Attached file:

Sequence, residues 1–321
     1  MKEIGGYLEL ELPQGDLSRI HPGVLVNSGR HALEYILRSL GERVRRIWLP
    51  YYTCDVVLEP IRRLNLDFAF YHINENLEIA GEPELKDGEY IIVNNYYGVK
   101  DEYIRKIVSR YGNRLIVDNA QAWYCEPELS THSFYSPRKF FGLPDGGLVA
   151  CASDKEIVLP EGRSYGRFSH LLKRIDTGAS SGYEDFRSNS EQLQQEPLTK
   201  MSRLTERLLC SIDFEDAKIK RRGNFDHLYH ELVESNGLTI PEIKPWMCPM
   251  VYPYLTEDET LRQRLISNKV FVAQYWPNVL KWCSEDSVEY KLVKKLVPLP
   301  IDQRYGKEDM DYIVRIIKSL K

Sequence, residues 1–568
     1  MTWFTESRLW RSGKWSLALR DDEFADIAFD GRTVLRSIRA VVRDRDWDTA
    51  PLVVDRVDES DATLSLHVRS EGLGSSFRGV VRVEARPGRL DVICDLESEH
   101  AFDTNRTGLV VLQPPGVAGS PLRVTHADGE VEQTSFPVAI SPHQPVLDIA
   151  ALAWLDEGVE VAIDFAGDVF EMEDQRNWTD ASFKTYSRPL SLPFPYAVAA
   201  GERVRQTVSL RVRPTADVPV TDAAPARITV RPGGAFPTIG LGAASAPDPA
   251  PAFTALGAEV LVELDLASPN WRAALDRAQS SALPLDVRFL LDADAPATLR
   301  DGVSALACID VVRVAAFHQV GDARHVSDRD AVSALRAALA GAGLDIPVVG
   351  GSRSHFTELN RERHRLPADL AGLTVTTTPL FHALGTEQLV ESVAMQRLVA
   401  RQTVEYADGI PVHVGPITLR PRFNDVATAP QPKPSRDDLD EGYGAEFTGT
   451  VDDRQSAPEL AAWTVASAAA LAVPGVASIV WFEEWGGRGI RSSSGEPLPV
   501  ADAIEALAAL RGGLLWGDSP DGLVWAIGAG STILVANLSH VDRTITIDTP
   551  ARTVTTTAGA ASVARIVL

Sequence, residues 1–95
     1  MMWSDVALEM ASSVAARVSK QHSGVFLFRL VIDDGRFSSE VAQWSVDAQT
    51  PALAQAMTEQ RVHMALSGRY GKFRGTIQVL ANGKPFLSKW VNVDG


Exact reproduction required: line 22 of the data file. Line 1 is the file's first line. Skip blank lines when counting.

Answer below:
Sequence, residues 1–95